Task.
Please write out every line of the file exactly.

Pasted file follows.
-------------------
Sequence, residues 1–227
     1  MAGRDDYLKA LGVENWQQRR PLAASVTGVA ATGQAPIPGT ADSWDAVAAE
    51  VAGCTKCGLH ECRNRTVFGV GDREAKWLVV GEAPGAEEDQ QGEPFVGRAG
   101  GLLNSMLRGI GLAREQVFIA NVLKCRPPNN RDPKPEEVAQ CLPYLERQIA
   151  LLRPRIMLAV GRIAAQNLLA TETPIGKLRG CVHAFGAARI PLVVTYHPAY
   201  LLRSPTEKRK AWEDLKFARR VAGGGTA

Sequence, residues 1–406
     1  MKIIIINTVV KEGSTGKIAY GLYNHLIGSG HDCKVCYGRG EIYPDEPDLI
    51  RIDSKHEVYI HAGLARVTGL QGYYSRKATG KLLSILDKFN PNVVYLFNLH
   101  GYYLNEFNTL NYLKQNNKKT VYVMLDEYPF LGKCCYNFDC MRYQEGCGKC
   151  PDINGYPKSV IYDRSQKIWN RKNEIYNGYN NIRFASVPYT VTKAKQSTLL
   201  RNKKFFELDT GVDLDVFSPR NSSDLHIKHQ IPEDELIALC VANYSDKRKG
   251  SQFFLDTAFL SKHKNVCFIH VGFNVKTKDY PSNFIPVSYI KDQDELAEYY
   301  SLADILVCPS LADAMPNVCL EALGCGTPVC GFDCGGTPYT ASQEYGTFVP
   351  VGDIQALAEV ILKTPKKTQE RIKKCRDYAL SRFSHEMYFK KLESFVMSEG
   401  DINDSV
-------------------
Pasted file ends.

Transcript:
Sequence, residues 1–227
     1  MAGRDDYLKA LGVENWQQRR PLAASVTGVA ATGQAPIPGT ADSWDAVAAE
    51  VAGCTKCGLH ECRNRTVFGV GDREAKWLVV GEAPGAEEDQ QGEPFVGRAG
   101  GLLNSMLRGI GLAREQVFIA NVLKCRPPNN RDPKPEEVAQ CLPYLERQIA
   151  LLRPRIMLAV GRIAAQNLLA TETPIGKLRG CVHAFGAARI PLVVTYHPAY
   201  LLRSPTEKRK AWEDLKFARR VAGGGTA

Sequence, residues 1–406
     1  MKIIIINTVV KEGSTGKIAY GLYNHLIGSG HDCKVCYGRG EIYPDEPDLI
    51  RIDSKHEVYI HAGLARVTGL QGYYSRKATG KLLSILDKFN PNVVYLFNLH
   101  GYYLNEFNTL NYLKQNNKKT VYVMLDEYPF LGKCCYNFDC MRYQEGCGKC
   151  PDINGYPKSV IYDRSQKIWN RKNEIYNGYN NIRFASVPYT VTKAKQSTLL
   201  RNKKFFELDT GVDLDVFSPR NSSDLHIKHQ IPEDELIALC VANYSDKRKG
   251  SQFFLDTAFL SKHKNVCFIH VGFNVKTKDY PSNFIPVSYI KDQDELAEYY
   301  SLADILVCPS LADAMPNVCL EALGCGTPVC GFDCGGTPYT ASQEYGTFVP
   351  VGDIQALAEV ILKTPKKTQE RIKKCRDYAL SRFSHEMYFK KLESFVMSEG
   401  DINDSV